Watson Lake Fish Bypass

Improving River Habitat

A collaborative effort among the participants of the Northern Integrated Supply Project, Morning Fresh Dairy, noosa yoghurt and Colorado Parks and Wildlife has improved the habitat on the Poudre River.

For years, the free movement of fish was hindered by the manmade water diversion structure adjacent to Watson Lake that shifts water from the Poudre River. The Watson Lake Fish Bypass – an $850,000 project completed in March 2019 – enables free fish movement around the bypass structure and fulfills one of the promises made by NISP participants to improve the Poudre River, as outlined in the NISP Fish and Wildlife Mitigation and Enhancement Plan.

Now, two segments of the river that had been disconnected by the diversion barrier are now reconnected, which improves several facets of that stretch: ecosystem health, angler access, public safety and public education.

Designed by OneFish Engineering, the fish bypass provides upstream fish movement through the diversion structure for all species present within the river reach, including longnose dace, longnose suckers, white suckers, brown trout and rainbow trout.

Additionally, the State Wildlife Area and Hatchery, where this project is located, receives a lot of visitors, whether they are fishermen, birders or families enjoying nature. Onsite educational material discussing the fish passage will be an important component of the project, providing a learning experience for school children and all other visitors.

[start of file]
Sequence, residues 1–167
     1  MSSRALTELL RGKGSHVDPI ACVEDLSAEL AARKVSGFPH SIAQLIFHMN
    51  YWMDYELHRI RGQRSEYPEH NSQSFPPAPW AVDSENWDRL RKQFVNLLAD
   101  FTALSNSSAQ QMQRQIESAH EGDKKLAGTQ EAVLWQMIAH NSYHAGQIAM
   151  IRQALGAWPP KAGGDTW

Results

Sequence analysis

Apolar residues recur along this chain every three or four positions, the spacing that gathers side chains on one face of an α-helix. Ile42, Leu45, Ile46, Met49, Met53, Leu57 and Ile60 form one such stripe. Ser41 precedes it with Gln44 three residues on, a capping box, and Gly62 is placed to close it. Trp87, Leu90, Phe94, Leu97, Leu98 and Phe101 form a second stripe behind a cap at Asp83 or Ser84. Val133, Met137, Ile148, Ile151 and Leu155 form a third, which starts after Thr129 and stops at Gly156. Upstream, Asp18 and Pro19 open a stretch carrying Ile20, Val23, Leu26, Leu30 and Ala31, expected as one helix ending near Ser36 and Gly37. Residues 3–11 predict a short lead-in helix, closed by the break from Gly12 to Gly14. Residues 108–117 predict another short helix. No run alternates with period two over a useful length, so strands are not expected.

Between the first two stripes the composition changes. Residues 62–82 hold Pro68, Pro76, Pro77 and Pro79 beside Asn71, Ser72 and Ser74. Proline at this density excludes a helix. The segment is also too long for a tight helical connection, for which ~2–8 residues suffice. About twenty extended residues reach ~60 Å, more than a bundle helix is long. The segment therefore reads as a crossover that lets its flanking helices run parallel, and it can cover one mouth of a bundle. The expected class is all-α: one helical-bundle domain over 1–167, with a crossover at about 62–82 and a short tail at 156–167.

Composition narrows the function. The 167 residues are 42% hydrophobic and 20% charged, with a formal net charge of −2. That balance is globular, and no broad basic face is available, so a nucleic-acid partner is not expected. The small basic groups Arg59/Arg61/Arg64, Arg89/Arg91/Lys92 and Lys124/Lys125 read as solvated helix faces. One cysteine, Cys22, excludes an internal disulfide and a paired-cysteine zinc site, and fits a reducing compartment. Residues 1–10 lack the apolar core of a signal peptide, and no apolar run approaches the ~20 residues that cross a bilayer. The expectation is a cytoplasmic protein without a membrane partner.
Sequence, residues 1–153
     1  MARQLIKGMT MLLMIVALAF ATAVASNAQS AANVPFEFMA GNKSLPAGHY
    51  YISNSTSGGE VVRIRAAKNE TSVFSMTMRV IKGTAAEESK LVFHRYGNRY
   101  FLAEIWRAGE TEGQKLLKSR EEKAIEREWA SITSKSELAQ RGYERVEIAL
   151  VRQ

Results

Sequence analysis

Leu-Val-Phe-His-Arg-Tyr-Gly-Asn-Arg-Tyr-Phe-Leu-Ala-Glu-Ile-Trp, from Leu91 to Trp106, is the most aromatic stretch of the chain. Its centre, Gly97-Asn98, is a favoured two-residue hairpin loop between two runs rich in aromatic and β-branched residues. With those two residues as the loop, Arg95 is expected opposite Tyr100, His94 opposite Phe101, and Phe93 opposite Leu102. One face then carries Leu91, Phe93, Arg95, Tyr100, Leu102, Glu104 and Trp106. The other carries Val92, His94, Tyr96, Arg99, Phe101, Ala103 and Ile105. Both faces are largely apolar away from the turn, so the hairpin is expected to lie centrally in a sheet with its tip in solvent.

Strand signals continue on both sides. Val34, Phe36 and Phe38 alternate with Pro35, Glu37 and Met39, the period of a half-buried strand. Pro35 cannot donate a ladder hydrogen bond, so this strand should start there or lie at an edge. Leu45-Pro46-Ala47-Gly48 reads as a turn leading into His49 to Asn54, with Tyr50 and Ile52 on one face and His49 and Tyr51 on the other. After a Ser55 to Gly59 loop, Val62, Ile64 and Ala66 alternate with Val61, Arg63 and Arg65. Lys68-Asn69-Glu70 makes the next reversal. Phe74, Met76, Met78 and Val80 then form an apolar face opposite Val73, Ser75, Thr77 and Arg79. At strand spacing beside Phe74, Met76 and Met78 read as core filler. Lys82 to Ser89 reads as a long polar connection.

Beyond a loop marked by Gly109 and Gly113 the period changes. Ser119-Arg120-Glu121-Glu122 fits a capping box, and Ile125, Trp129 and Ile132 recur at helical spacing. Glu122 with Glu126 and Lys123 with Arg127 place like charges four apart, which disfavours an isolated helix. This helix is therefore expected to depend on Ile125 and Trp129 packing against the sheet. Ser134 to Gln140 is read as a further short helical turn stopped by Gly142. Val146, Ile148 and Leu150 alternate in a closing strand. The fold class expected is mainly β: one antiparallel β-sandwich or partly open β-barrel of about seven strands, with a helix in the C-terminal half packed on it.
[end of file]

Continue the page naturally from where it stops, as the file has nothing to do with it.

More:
Helping Fish Travel Upstream

The Watson Lake diversion structure has blocked fish from swimming upstream since the 1960s. By giving them a way around, this fish passage restores more natural conditions, improves the health of the fishery and reconnects two miles of valuable habitat. That means stronger fish populations and better fishing opportunities. 

The gradual slope mimics natural river conditions. Pillars set in the bottom act like boulders to break up water flow. This keeps water moving slowly enough for the smallest, weakest fish to swim upstream against the current. Restoring more natural river dynamics helps both sportfish like trout, and native species like suckers and dace.

Helping Fish Travel Upstream

The Watson Lake diversion structure has blocked fish from swimming upstream since the 1960s. By giving them a way around, this fish passage restores more natural conditions, improves the health of the fishery and reconnects 2 miles of valuable habitat. That means stronger fish populations and better fishing opportunities. The gradual slope mimics natural river conditions. Pillars set in the bottom act like boulders to break up water flow. This keeps water moving slowly enough for the smallest, weakest fish to swim upstream against the current. Restoring more natural river dynamics helps both sportfish like trout, and native species like suckers and dace. 

Artwork Courtesy Colorado Parks & Wildlife